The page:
The Philly faithful
4-2, 4-2, 4-1...it would almost seem the offense over the past three games has been one-sided. Philly can blame it on Coburn/Timmonen, but frankly the scores don't represent the closeness of play throughout these games. With the exception of Game 1, all have been relatively close at some point, often coming down to a third period Penguins notch to really set them apart from the Flyers.
First things first, let's talk about Steve Downie. This guy, as evidenced over the course of this season, isn't exactly a favorite amongst fans and players outside of Philadelphia. For most of the Flyers' playoff run, Downie has been a healthy scratch. However as the injuries have mounted up in the Philly camp, Downie has seen some ice-time during the last two games against Pitt.
No one could be more thankful than the Penguins.
In Game 2, Downie's inability to clear the zone resulted in a go-ahead goal from Max Talbot in the third. In Game 3, Downie made a wrong decision in the Philly zone that was awkwardly reminiscent of Sunday night, resulting in a Ryan Malone insurance marker. Tag on the late, cheap hit on Petr Sykora courtesy of Steve Downie, and you have a guy worthy of a Game 4 scratch. Worthy based on principle, unlikely based on Philly's desperation for healthy players.
Speaking of - has anyone else noticed that blocking a Pittsburgh slapshot has yet to work out to anyone's advantage? Rewind to the first round and we have Antoine Volchenkov taking one off the dome from a rising Malkin slapper. Series two against the Rangers didn't have much to that degree, although Drury sure got bloodied up pretty good on an uncalled high-stick. And now, in the third and final round before the Cup, poor Braydon Coburn was in the wrong place at the wrong time. 50 stitches later (yes, 50) Versus cameras caught him sporting the look of a recent war veteran. And yet you couldn't help but catch the desperation in his eyes to get out there and play. Coach Steven of the Flyers mentioned that once Coburn's eye opens, he'll most likely opt for a cage and may make an appearance just in time for Game 4.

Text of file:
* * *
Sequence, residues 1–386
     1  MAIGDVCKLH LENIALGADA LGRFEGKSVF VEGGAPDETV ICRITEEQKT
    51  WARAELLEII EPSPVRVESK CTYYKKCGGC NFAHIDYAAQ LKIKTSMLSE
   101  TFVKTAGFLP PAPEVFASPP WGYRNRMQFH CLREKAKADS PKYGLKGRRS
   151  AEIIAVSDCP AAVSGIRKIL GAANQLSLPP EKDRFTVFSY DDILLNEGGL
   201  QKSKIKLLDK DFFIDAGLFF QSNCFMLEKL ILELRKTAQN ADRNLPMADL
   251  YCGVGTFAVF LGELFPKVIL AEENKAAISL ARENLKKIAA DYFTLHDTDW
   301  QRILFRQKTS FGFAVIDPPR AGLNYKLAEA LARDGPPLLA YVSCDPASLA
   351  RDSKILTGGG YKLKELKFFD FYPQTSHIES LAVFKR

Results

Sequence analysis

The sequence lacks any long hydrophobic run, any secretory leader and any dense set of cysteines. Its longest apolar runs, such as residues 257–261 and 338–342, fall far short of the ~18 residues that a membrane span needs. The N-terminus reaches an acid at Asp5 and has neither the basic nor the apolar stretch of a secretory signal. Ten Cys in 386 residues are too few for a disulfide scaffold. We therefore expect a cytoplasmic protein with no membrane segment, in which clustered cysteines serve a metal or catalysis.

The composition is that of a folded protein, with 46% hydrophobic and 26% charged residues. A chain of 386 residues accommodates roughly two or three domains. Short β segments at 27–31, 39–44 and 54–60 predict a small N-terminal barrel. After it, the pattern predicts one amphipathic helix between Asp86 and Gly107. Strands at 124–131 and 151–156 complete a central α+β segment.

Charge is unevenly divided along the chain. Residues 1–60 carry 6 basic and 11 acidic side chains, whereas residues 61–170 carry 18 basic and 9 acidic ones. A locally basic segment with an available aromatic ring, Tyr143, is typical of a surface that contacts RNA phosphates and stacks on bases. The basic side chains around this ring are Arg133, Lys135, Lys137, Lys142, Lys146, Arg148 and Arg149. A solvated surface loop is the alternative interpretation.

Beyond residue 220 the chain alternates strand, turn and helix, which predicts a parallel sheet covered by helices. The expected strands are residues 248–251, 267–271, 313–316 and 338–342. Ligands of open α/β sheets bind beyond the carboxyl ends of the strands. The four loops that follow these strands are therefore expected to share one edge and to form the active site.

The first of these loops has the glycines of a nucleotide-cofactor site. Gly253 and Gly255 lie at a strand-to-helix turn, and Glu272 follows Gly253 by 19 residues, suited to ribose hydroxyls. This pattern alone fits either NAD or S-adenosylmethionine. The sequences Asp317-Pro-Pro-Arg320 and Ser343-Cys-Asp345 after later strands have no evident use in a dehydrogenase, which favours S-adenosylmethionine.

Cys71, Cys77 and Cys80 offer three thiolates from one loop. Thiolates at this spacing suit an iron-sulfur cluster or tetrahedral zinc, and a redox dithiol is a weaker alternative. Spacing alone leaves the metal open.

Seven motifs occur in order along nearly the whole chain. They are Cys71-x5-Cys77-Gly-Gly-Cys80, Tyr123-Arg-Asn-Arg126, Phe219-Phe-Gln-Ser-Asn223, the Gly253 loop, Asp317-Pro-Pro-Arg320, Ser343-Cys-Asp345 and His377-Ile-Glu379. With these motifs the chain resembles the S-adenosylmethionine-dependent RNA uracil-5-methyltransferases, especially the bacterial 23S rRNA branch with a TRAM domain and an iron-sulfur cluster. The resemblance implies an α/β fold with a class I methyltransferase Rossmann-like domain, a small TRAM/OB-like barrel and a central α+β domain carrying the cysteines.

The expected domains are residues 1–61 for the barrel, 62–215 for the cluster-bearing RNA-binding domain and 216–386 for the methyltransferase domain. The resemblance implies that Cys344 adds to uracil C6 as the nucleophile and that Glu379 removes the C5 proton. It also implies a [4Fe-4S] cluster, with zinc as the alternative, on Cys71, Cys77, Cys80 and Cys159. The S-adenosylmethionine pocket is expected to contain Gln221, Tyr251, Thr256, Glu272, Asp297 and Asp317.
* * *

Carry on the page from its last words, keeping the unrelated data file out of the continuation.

You know, Game 4 - the end of Philly's misery.
I'm sorry for getting ahead of myself there, but things aren't looking good for the Flyers. They genuinely just can't keep up with the fast-paced Pittsburgh offense. This game was the third example of such. While Pitt's first goal of the game (Whitney) was easily a lucky bounce, Hossa's second tally was merely a result of using the screen to his advantage. In all honesty, Malone's third period goal was the only 'real' hockey goal of the game. Every other one (including the empty netter) were just typical examples of Philly not getting the good bounces.
Marc-Andre was once again incredible in net, though hardly challenged. Pitt out-shot Philly 24-18, which is still surprisingly close considering the Flyers' 3-shot second period. The Pens' power play went a successful 1-2, while their PK was once again the pride and joy of keeping Philly scoreless on three attempts with the extra man.
Game 4 remains in the City of Brotherly Love, but you have to wonder if the Flyers are ready to raise the white flag. One glance at the current cup run from both the East and the West, it would almost seem the teams are choreographed to finish with a Pittsburgh vs Detroit Cup contest.
Has Pittsburgh been challenged at all this postseason, or are they really just that good? Sadly, Detroit may be the only team to challenge that consideration. If all goes well for the Penguins Thursday night, that may be sooner than later.